Gathering Blue

By Eric Coble, adapted from the book by Lois Lowry
Directed by Rosalyn Erat Benson

Seven local middle and elementary school young people join a cast of seventeen Miami students to present this compelling story of how art and courage have the power to change the future.


November 15–16, 7:30 pm
School Matinee November 17, 10:30 am
November 18–19, 2:00 pm
Gates-Abegglen Theatre

Tickets: $12 Adult, $9 Senior, $8 Student
Group discounts of 4 or more available for $5 per ticket

In an apocalyptic future where children are kept like animals and human life is cheap, young Kira learns the ugly truth about the powers controlling her world. A gifted weaver, her talent catches the attention of the Council of Guardians. Under their custody, Kira is made to mend and embellish the ceremonial Singer's Robe—a garment that tells the history of the world. But the longer she works, the more she learns about the horrifying secrets that keep her community hostage. Can she use her knowledge and art to reshape the future? Based on Lois Lowry's companion piece to The Giver, Gathering Blue tells a suspenseful tale of the power of creativity to fight brutality (via Dramatic Publishing).

Five out of five stars … An enchanting and empowering story that shows the power of art and the importance of thinking for yourself.” —PDX Kids Calendar

Themes

Note: The following resources come from LitCharts, and reference the book, by Lois Lowry, from which the play is based.

Art and Creative Instinct

Gathering Blue is set in a town that, long after a worldwide catastrophe called the Ruin, is primarily characterized by the struggle to survive. It is a world without art, a world in which the villagers see art as lacking any practical purpose, and therefore as being useless.
(https://www.litcharts.com/lit/gathering-blue/themes/art-and-creative-instinct)

Self-Interest versus Compassion

The people of the town in which Kira lives are marked by their anger, greed, and profound self-interest. Kira freely admits that she’s kind and nurturing because she was born with a lame leg—if she’d been born healthy, she’d be no kinder than the other villagers.
(https://www.litcharts.com/lit/gathering-blue/themes/self-interest-versus-compassion)

Power and Freedom

It’s clear from early on in Gathering Blue that the Council of Guardians wields a huge amount of power over the village. It presides over all trials, hosts the annual Gathering, and can expel anyone in the village at any time. What’s unclear, at least until the end of the novel, is the source of the Council’s great power. At any time, it would seem, the villagers could rise up and overthrow the Council—in fact, this seems like exactly the kind of wild, violent gesture the villagers specialize in.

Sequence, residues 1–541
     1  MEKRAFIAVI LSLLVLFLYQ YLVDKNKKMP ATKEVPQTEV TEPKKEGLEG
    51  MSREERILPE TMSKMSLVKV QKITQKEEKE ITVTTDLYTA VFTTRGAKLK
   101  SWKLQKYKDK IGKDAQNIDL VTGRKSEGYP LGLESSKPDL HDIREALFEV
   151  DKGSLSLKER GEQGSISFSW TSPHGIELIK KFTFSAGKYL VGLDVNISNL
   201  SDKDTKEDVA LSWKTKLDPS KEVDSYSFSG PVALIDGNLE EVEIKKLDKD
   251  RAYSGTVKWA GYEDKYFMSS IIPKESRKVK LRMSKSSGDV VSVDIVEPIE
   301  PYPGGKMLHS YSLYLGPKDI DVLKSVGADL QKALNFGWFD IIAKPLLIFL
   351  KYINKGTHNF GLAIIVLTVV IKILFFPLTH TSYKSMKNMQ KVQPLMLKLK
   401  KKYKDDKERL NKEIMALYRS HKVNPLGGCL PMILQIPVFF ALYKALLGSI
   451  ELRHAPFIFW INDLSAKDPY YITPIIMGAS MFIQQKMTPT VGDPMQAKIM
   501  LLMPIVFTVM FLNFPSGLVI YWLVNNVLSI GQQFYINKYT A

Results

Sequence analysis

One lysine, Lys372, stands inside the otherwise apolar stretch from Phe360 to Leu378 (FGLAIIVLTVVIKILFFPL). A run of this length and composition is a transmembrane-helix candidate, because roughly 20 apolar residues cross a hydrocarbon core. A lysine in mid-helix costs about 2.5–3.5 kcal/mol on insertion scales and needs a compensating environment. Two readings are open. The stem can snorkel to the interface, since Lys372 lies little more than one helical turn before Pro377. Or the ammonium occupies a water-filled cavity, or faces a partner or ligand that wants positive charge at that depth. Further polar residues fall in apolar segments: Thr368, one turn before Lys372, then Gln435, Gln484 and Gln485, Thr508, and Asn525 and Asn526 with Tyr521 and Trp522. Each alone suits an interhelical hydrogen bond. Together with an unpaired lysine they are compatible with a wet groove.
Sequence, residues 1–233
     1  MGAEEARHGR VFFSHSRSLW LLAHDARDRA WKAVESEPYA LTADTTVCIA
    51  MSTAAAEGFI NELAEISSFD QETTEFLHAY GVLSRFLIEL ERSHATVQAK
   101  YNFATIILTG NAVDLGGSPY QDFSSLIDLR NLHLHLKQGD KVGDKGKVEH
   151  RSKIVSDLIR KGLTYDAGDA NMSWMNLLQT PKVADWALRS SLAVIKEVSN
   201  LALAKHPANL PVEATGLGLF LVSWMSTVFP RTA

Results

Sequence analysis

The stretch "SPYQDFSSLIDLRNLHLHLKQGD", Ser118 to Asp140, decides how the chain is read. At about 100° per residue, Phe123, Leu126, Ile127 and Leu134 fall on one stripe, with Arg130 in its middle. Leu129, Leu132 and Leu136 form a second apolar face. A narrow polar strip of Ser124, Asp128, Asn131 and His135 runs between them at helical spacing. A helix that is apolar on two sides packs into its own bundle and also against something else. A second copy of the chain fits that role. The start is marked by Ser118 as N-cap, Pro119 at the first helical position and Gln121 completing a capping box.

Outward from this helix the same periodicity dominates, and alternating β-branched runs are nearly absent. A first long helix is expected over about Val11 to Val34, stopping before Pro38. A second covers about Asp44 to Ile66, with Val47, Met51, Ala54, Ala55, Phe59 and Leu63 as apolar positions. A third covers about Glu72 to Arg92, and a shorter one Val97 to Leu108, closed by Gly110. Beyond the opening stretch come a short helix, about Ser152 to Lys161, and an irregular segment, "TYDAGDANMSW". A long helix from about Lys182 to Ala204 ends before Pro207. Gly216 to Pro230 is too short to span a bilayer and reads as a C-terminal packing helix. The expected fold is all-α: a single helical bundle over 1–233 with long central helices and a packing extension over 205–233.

Nevertheless, it’s possible to achieve freedom simply by recognizing the source of power. At the end of the novel, Kira understands how the Council uses the Ruin Song and her robe to control the village. Yet she doesn’t leave the village with her father; instead, she stays behind to alter the robe’s message.
(https://www.litcharts.com/lit/gathering-blue/themes/power-and-freedom)

Pain and Maturity

It’s been noted that the characters in Lowry’s children’s books endure an unusual amount of pain and suffering. Gathering Blue is no exception: that Kira loses her mother isn’t so remarkable (there are plenty of protagonists of children’s books who are orphans, after all), but she has to drag her mother to a field and watch her corpse for four gruesome days. It’s fair to say that Lowry seeks to explore the impact of pain: what people do with it, how they respond to it, and how they learn from it.

Transforming pain into experience is an almost artistic process: it requires Kira to see beauty and value in ugly things, thereby shaping them into something beautiful and valuable. Although Kira’s ability to transform pain into experience is closely tied to her abilities as an artist, Lowry makes a much more general point: maturation is only possible with pain. Thus, children become adults by experiencing pain and learning how to deal with it.
(https://www.litcharts.com/lit/gathering-blue/themes/pain-and-maturity)

Men, Women, and Gender Roles

At many points, Kira notes that her society is strictly divided along gender lines. Women can only perform certain jobs and go certain places. Many of them work by gathering food for the village, and others spend their time weaving. Men, on the other hand, hunt for food for the village. On the day of a hunt, they brag and argue and fight with each other. This isn’t a case of “separate but equal”; clearly the men have more power and freedom than the women of the village. We can see this when Vandara and Kira go to court before the Council of Guardians. There seem to be no women on the Council (whereas there are at least three men on it, including the chief guardian), and Vandara learns from the chief guardian that she has no rights, presumably because she’s a woman. It’s also mentioned many times that women aren’t allowed to learn how to read.

In the village of Gathering Blue, men are arrogant, violent, and controlling, while women are weaker and less educated. With education and art, this unfair, arbitrary arrangement can be changed.
(https://www.litcharts.com/lit/gathering-blue/themes/men-women-and-gender-roles)